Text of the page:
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As promised, here's the post. Let's do "read at your own pace", starting threads and replying to threads as you read (it's not like there's going to be spoilers, lol) but it seems like most people will be on the pace of a chapter or two a week. I'm looking forward to reading and discussing with you all!

I haven't started yet, but hope to by tonight. But please feel free to start a discussion as you read.

As promised, here's the post. Let's do "read at your own pace", starting threads and replying to threads as you read (it's not like there's going to be spoilers, lol) but it seems like most people will be on the pace of a chapter or two a week. I'm looking forward to reading and discussing with you all! I haven't started yet, but hope to by tonight. But please feel free to start a discussion as you read.

18 comments

I just finished reading the chapter on Abortion, and sisters, I am so righteously angry right now!

In the sexual liberation movement of the sixties, its ideology and practice, neither force nor the subordinate status of women was an issue. It assumed that unrepressed everyone wanted intercourse all the time...and it was assumed that in women an aversion to intercourse, or not climaxing from intercourse, or not wanting intercourse at a particular time or with a particular man, wanting fewer partners than were available, or getting tired, or being cross, were all signs of and proof of sexual repression.

The men took control of the sexual revolution from the very beginning and we're still living in it. Nothing's changed. Except that now, it's not just intercourse, you're repressed if you don't want to do every perverted or degrading thing that a man demands.

In their (right-wing women's) view, pregnancy is the only consequence of sex that makes men accountable to women for what men do to them. Deprived of pregnancy as an inevitability (through abortion and birth control), a woman is deprived of her strongest reason not to have intercourse.

I've been pro-choice my whole life, but I felt this deep.

[–] DoomedSibyl 6 points Edited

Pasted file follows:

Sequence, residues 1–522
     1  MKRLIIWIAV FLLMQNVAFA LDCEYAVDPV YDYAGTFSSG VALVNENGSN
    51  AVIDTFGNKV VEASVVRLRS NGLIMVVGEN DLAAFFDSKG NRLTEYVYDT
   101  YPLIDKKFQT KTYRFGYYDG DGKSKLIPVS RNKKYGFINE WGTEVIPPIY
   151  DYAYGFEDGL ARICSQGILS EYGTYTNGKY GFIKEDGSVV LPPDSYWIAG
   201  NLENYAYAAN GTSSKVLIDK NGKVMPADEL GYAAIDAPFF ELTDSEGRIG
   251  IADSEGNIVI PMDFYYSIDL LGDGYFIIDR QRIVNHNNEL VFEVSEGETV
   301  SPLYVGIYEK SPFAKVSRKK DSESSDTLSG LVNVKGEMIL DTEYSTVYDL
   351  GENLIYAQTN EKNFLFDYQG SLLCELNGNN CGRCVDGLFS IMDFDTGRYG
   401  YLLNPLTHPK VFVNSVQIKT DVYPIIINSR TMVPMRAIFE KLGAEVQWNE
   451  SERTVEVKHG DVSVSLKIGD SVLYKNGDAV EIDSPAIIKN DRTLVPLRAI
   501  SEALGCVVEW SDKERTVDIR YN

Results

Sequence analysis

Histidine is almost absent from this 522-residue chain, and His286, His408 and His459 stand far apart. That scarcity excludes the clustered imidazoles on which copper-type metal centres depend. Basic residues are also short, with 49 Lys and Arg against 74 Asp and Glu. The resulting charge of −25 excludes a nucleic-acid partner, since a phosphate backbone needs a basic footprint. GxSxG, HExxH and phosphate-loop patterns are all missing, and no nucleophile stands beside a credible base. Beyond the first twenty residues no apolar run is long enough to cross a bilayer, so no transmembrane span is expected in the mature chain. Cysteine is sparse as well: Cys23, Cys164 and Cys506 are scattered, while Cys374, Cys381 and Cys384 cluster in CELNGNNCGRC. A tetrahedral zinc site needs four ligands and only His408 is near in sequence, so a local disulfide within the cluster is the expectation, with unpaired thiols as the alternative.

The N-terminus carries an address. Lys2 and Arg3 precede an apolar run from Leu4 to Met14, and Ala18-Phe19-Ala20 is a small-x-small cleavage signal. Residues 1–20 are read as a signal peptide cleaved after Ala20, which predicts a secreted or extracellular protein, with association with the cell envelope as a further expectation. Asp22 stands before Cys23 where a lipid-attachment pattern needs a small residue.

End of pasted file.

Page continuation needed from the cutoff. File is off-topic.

True reproductive freedom and rights encompasses a lot more than just the right to terminate a pregnancy. Even with abortion still (barely) legal, religion and social pressure has made it overwhelmingly a ‘moral’ issue rather than a medical issue. We don’t even really know what owning our own bodies and reproductive capabilities would be like. We literally can’t imagine it.

Because avoiding the punishment for a pregnancy that isn’t sanctioned by a male isn’t the only legitimate reason to refuse intercourse. The sexual revolution was bad for women, not because knowing our bodies and our sexuality would be bad but because the patriarchy didn’t go away. The sexual revolutions of the twentieth century gave men freedom and relieved them of traditional responsibilities. It did the opposite for women. Women gained responsibilities in being required to provide sex and lost their traditional protections. It’s even worse these days because women aren’t just expected to be available but to provide, uncomplaining services that in previous times men would have hesitated to ask of a professional.

Right wing women can’t imagine freedom any better than any other woman can do they try for the traditional illusory protections and hope to provide sex and services for one man rather than dozens and hope that being a useful domestic and mother of children will provide them with some measure of safety and respect.

Phyllis Schafly always blew my mind not only with her absolute loyalty to the not like the other girls persona but that she was surprised when other women didn’t want to meet patriarchal standards and wanted the freedoms she was enjoying and when men ultimately reminded her that she was after all just a girl and her hard work wouldn’t be rewarded. She died never examining these glaring contradictions.